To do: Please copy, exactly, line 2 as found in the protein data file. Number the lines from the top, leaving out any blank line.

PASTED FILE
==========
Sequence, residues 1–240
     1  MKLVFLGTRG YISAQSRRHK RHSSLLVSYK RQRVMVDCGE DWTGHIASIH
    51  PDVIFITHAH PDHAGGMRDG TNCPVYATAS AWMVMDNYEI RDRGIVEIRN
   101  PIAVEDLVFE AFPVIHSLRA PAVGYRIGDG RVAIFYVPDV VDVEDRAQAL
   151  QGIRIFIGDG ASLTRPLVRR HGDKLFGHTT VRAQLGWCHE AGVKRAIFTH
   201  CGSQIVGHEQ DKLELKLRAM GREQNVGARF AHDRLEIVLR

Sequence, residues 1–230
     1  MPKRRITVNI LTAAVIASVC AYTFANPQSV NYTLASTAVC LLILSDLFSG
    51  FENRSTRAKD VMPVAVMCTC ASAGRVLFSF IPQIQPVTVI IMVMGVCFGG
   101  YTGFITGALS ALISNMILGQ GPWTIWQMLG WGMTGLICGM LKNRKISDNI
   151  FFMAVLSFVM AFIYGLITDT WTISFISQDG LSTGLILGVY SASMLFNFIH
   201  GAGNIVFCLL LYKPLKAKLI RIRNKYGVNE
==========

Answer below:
     1  MKLVFLGTRG YISAQSRRHK RHSSLLVSYK RQRVMVDCGE DWTGHIASIH